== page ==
Only Two Days to Catch Up on NBC’s “Kings”

I had posted before about the NBC show, “Kings.” (It is a television series based on the rise of David in Saul’s court, set in a world culturally and technologically similar to our present day.) That first link shows my previous post on the show, and the second links to its Hulu page.

The show was suspended mid-season, and has definitely been cancelled. However, the remaining episodes are to be available on Hulu beginning June 14.

An important point: Hulu only keeps a handful of episodes available at a time: it will drop the pilot episode when it posts Episode 6. So, you have only a couple of days to watch the two-hour premiere if you haven’t already (“Goliath,” parts one and two).

[Later: Robin Abrahams makes me aware that you can also catch full episodes on NBC’s site until September 20. Thanks, Robin!]

If you love biblical studies, especially Hebrew Bible/Old Testament, you owe it to yourself to give the show a look. If you complain (and who does not?) about the lack of thoughtful Bible stuff on the teevee, then it is actually mandatory that you take a look. Whether you end up liking it or not, I can guarantee that the show is not simplistic in its reading or interpretation of the story of David or in its theology.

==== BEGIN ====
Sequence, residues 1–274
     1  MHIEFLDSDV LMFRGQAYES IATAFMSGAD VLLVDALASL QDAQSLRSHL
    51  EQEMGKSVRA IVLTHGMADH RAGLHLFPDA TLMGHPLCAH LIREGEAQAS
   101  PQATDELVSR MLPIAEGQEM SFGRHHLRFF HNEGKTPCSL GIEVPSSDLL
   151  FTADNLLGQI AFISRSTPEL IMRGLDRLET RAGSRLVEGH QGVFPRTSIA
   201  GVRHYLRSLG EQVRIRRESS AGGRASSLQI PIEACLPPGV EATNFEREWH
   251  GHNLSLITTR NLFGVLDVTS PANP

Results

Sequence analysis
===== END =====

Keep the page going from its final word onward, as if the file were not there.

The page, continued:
Have any of you already seen the available five episodes? What are your reactions?

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3 Responses

  1. I feel duty-bound to check these out; but is there any chance NBC will rebroadcast them in HD (a la Bravo)? YMMV, but to me, streaming TV on the Web is only for desperate situations.

  2. It’s a good question, but I cannot find information about it at the NBC site. For my part, our “actual” TV is such a dinosaur that our best viewing is on the laptops!

  3. I have been following the show since it aired. So far, I really like some of the things they have done, though some of it is cheesy (like Goliath being a tank).

    The only thing I do not like has been the characterization of Jonathan as a power-hungry brat trying to get the attention and approval of his father. I suppose it adds a bit of drama to the relationship between David and Jonathan, but it strays too far off the character for me. I do think the move to make him a homosexual character is interesting, though.

    Rev. Samuels rocks.

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